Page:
I just returned from a visit to Chicago Tech Academy and my first visit with an assembly of the 150 new freshmen… and I am inspired! This third class of students seems to be the most inquisitive, the most engaged and the most eager bunch of students I’ve met at the new high school.
The reputation of ChiTech after the first two years and a targeted recruiting effort to find great potential students attracted a motivated group of kids. They were eager to learn about internships and mentors and careers they might enjoy; they had many questions about entrepreneurship and where the ideas and confidence come from to start companies. These new students asked about programming languages and video game design, about field trips they might take to local tech companies and about the people they might meet. They asked about using technology if they became doctors or architects.
I spoke to them about the power of voice to ideas. I talked about the voice of Bill Gates 30 years ago in defining the personal computer revolution; about the voices of engineers who pushed to interconnect computers in real-time, and of Andreessen and other college kids who designed the web browser not far from Chicago. I admired the voice of Steve Jobs as he introduced the iPad, and of Zuckerberg when he weaved a social network through hundreds of millions of people around the world.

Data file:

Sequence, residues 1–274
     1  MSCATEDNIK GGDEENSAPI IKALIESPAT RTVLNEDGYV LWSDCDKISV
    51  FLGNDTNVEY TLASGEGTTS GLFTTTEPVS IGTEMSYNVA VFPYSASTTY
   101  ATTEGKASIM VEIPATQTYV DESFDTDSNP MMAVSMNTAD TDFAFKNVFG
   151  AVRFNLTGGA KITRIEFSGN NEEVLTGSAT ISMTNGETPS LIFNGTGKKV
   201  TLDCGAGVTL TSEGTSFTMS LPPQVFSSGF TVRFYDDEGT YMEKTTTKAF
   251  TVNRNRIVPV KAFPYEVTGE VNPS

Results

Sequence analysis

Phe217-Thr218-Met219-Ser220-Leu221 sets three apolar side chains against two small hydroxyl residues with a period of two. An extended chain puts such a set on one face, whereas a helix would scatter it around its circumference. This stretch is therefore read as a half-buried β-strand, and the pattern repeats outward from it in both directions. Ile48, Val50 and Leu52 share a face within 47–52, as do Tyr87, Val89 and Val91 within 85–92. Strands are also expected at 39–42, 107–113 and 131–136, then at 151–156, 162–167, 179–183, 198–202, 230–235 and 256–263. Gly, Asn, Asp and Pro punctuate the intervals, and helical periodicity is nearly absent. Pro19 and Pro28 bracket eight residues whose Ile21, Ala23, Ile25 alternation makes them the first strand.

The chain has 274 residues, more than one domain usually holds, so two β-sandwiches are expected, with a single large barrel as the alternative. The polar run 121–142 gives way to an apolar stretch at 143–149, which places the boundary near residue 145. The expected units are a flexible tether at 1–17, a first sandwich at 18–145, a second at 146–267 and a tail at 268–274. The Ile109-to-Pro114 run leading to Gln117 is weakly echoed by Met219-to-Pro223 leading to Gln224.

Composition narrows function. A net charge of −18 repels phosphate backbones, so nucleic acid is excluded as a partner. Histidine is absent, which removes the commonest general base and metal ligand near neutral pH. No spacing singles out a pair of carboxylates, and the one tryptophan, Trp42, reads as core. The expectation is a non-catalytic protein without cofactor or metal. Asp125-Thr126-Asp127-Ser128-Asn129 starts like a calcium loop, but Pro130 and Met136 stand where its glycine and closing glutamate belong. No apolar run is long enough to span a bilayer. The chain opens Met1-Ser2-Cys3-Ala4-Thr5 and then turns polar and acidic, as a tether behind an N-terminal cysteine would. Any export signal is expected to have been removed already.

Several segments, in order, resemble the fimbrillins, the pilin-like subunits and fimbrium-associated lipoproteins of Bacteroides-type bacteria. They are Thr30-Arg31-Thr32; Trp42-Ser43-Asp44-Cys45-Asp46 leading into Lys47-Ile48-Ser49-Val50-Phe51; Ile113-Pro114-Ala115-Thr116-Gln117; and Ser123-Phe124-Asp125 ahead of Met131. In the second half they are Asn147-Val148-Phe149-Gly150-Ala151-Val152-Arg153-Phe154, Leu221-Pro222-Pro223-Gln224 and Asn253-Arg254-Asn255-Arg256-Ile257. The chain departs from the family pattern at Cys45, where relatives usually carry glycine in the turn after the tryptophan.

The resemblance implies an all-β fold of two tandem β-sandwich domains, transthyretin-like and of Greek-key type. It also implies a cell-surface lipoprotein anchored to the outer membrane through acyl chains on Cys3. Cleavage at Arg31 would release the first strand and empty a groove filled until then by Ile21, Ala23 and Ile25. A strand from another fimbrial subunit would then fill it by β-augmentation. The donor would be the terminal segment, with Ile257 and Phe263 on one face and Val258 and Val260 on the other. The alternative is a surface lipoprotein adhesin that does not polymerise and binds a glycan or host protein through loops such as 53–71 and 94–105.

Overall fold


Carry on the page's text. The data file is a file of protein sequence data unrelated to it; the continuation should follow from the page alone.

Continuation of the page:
We spoke with the students about the power of their own unique voice, and how it someday could be used to express ideas, explain solutions and inspire. We talked about the breakneck speed at which technology has given voice to a planet full of people, and how technology can flatten the world to bring people together, bound by common humanity instead of divided by differences. We talked about how now, like no time in history, they have an opportunity for their voice to be heard, and it may be because of experiences and lessons learned at Chicago Tech Academy.
This conversation about voice– to ideas, to inspiration, to expectations of themselves – begins a conversation that I hope will last through high school and beyond. I hope it will continue as the students meet mentors from Chicago’s tech community, as they grow and mature and begin to look beyond their current circumstance. It’s an innovative approach, to think of a ChiTech education as an extended conversation between disadvantaged students and an engaged community willing to share advantages… after three years, we’re seeing some very inspiring results… you can hear it in their voices.